A new crop of B2B e-marketplaces lure manufacturers, wholesalers and distributors with promises of new markets and growth—but they can also represent tough new ...
Japanese Internet portal Rakuten today announced it has reached an agreement to buy Buy.com for $250 million. Rakuten says the combined company will offer consumers more than 60 million products from nearly 35,000 merchants worldwide.
Japanese Internet marketplace operator Rakuten Inc. today announced it has reached an agreement to purchase online general merchandise retailer Buy.com for $250 million.
Buy.com, No. 32 in the Internet Retailer Top 500 Guide, says it has more than 12 million customers. The retailer sells directly to consumers, and operates a marketplace that it says accounted for 46% of its fourth quarter orders. The retailer sells in Canada, France, Germany and the U.K.
Rakuten operates Rakuten Ichiba, a Japanese marketplace that combines shopping and entertainment and focuses on individual merchants developing relationships with shoppers.
Rakuten also owns the New York City-based LinkShare affiliate network, which it bought in 2005. But the acquisition of Buy.com will give Rakuten its first major direct-to-consumer platform in the U.S. Rakuten says the combined company will offer consumers more than 60 million products from nearly 35,000 merchants across the globe.
“As we evaluated how to accelerate our global expansion, it became clear that a partnership with Buy.com made perfect sense,” says Hiroshi Mikitani, Rakuten founder, chairman and CEO. “As a company, Buy.com shares our vision for the future of e-commerce, as a platform to give consumers the best value no matter their location, and to merge shopping with entertainment, and to help retailers build deep and lasting consumer relationships.”
The new owner of Buy.com left little doubt as to his target: the online marketplaces operated by Amazon.com Inc. and eBay Inc., through which thousands of Internet retailers sell.
“On Amazon or eBay you feel like you’re just listing your products on their marketplace,” Mikitani told Internet Retailer today shortly after he arrived in the U.S. “We share the customer with our merchants.”
Mikitani says Rakuten in Japan provides shoppers’ e-mail addresses to merchants who sell through its marketplace, give retailers freedom to design their web stores and not just pick from design templates, and allows merchants to offer rewards points for Rakuten purchases, all options Mikitani says Amazon and eBay don’t offer retailers selling on their platforms.
As for Amazon, Mikitani says, “They will become your competitor if you sell your product well.” Rakuten only sells a certain items on its own behalf, mostly books and CDs, and makes most of its money from sales by other merchants on the Rakuten marketplace. Rakuten Japan’s online sales totaled more than $9 billion last year, and $14 billion when travel purchases are included, Mikitani says. The company also offers consumer credit.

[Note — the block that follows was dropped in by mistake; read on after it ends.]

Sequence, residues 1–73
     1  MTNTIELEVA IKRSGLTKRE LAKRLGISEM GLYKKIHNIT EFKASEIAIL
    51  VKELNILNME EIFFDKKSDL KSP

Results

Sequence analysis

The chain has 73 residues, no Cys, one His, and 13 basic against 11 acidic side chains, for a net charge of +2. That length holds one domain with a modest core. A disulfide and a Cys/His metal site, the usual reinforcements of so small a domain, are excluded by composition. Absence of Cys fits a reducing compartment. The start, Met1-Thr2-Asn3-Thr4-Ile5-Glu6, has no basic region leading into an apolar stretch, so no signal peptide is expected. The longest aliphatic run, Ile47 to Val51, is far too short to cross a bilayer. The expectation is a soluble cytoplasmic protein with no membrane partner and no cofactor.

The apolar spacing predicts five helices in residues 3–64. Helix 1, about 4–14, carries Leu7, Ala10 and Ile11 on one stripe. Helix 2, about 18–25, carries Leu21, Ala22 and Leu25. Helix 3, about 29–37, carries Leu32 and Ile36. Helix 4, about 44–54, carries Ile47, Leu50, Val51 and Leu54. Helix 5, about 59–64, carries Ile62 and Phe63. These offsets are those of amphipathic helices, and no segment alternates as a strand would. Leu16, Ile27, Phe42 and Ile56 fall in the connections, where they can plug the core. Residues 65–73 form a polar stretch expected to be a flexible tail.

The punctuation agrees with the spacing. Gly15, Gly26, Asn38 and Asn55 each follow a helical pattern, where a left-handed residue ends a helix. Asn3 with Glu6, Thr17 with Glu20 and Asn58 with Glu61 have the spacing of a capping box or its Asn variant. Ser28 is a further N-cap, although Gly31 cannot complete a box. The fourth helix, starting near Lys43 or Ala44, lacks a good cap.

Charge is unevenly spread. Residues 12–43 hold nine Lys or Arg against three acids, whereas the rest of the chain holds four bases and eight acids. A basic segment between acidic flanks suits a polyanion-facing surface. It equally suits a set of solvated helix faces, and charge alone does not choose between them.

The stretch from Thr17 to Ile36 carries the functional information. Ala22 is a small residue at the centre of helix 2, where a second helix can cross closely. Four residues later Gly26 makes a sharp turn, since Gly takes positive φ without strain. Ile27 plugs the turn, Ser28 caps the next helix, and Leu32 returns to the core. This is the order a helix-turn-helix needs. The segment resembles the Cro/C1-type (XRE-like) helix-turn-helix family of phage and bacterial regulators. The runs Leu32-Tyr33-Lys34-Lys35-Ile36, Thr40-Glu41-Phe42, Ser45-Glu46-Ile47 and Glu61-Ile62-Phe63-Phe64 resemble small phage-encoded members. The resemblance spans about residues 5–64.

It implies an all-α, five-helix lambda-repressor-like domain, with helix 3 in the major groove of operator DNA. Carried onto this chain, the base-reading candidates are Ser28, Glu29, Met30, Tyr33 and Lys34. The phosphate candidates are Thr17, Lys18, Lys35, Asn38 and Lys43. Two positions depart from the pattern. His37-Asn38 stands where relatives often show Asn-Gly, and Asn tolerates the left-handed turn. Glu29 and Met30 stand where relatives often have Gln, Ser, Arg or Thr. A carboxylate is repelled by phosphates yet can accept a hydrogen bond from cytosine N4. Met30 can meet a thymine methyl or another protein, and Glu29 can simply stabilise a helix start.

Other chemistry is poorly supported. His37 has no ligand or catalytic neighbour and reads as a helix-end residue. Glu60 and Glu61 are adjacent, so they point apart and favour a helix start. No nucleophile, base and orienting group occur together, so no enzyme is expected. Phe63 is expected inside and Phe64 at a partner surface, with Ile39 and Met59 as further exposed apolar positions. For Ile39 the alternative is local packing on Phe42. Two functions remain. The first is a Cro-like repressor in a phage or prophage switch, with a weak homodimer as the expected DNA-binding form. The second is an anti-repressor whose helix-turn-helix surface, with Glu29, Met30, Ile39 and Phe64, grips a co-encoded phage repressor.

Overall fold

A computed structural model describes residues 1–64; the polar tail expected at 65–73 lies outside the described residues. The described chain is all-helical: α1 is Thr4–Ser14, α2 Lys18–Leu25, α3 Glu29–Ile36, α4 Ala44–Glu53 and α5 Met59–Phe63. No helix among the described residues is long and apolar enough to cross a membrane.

The marketplace is clearly Rakuten’s focus, more so than Buy.com’s business of selling electronics and other items directly to consumers. “We’ll continue to expand our first-party business, but really develop our third-party marketplace business,” says Buy.com CEO Neel Grover.
The acquisition of Buy.com is part of Rakuten’s strategy for growing rapidly beyond Japan. Rakuten recently has announced a joint venture with Baidu, China’s leading search engine, another joint venture in Taiwan and bought Thailand’s leading e-commerce company, Mikitani says.
As part of its international expansion plans, the company decided this year to hold all internal meetings in English. “The key success factor is how we can transfer expertise from one organization or country to another,” Mikitani says. “If we keep communicating in Japanese it’s going to be very difficult to create the active communication between one organization in Japan and another in the U.S. or an Asian country.”
Combining Buy.com’s existing approach to e-commerce with Rakuten Ichiba will bring a marketplace that is distinct from those of eBay and Amazon, says Scot Wingo, CEO of online marketing service provider ChannelAdvisor Corp. “If comparing Amazon and eBay is like comparing apples and oranges, they’re looking to introduce watermelon to the market—something completely different.” The experience will be distinct because Amazon operates as a first- and third-party seller, eBay is a third-party seller that aims for consumers to identify with the eBay brand rather than those of individual merchants, while Rakuten prefers to facilitate a direct relationship between its merchants and consumers, he says.
Buy.com already takes a different approach to its marketplace than its rivals because it takes an active role in promoting third-party sellers’ products throughout its site, says Eric Best, CEO of Mercent, which facilitates retailer sales through online marketplaces like Buy.com, Amazon.com and eBay.com. For instance, one image on Buy.com’s rotating home page banner says “Suit up for summer” and features a bikini. Clicking on the image brings a shopper to its swimwear category page where several of the items are shipped by Tilly’s, a merchant that sells on its marketplace. Rakuten’s influence could lead to even greater exposure for merchants selling through Buy.com, says Wingo.
Buy.com says its number of fourth quarter marketplace orders increased 146% over the prior year. With Rakuten looking to invest heavily in Buy.com’s marketplace, that growth could accelerate, particularly if Rakuten can lure LinkShare affiliates to sell through Buy.com, Wingo says.
Buy.com is the top seller on eBay.com and also sells on Amazon.com, according to ChannelAdvisor. But whether the deal will have an effect on other marketplaces, including eBay, remains to be seen, say both Wingo and Best. “Even if Buy.com left eBay’s platform it wouldn’t make a dent in eBay’s sales,” says Wingo.